This Life lexicon is compiled by Stephen A. Silver from various sources and may be copied, modified and distributed under the terms of the Creative Commons Attribution-ShareAlike 3.0 Unported licence. See the original credit page for all credits and the original download location. The styling has been adjusted to fit this website.
:MWSS out of the blue The following reaction, found by Peter Rott in November 1997, in which a LWSS passing by a p46 oscillator creates a MWSS travelling in the opposite direction. Together with some reactions found by Dieter Leithner, and an LWSS-turning reaction which Rott had found in November 1993 (but which was not widely known until Paul Callahan rediscovered it in June 1994) this can be used to prove that there exist gliderless guns for LWSS, MWSS and HWSS for every period that is a multiple of 46.
The Game of Life is not your typical computer game. It is a cellular automaton, and was invented by Cambridge mathematician John Conway.
This game became widely known when it was mentioned in an article published by Scientific American in 1970. It consists of a collection of cells which, based on a few mathematical rules, can live, die or multiply. Depending on the initial conditions, the cells form various patterns throughout the course of the game.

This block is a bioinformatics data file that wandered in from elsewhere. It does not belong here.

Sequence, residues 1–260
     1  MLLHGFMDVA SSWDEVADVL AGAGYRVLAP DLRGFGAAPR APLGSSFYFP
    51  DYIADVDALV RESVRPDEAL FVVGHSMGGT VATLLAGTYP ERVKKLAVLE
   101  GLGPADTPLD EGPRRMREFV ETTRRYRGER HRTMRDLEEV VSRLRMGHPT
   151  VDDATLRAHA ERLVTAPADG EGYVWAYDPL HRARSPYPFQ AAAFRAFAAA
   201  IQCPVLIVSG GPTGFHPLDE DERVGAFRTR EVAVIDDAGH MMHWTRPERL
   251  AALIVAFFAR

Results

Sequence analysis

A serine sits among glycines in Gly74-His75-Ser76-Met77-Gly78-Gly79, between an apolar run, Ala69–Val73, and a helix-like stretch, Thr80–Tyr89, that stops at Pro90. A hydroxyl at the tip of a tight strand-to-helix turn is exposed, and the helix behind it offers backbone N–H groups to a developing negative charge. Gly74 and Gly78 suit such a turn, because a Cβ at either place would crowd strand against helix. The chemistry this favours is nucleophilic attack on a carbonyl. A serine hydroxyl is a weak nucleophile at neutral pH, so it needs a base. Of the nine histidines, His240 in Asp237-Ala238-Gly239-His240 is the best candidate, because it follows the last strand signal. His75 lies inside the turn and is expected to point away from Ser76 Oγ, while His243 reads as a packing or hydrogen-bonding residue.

Each cell with one or no neighbors dies, as if by solitude.
Each cell with four or more neighbors dies, as if by overpopulation.
Each cell with two or three neighbors survives.
Each cell with three neighbors becomes populated.
Choose a pattern from the lexicon or make one yourself by clicking on the cells. The 'Start' button advances the game by several generations (each new generation corresponding to one iteration of the rules).
In the first video, from Stephen Hawkings’ documentary The Meaning of Life, the rules are explained, in the second, John Conway himself talks about the Game of Life.
The Guardian published a nice article about John Conway.
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Implemented by Edwin Martin <firstname.lastname@example.org>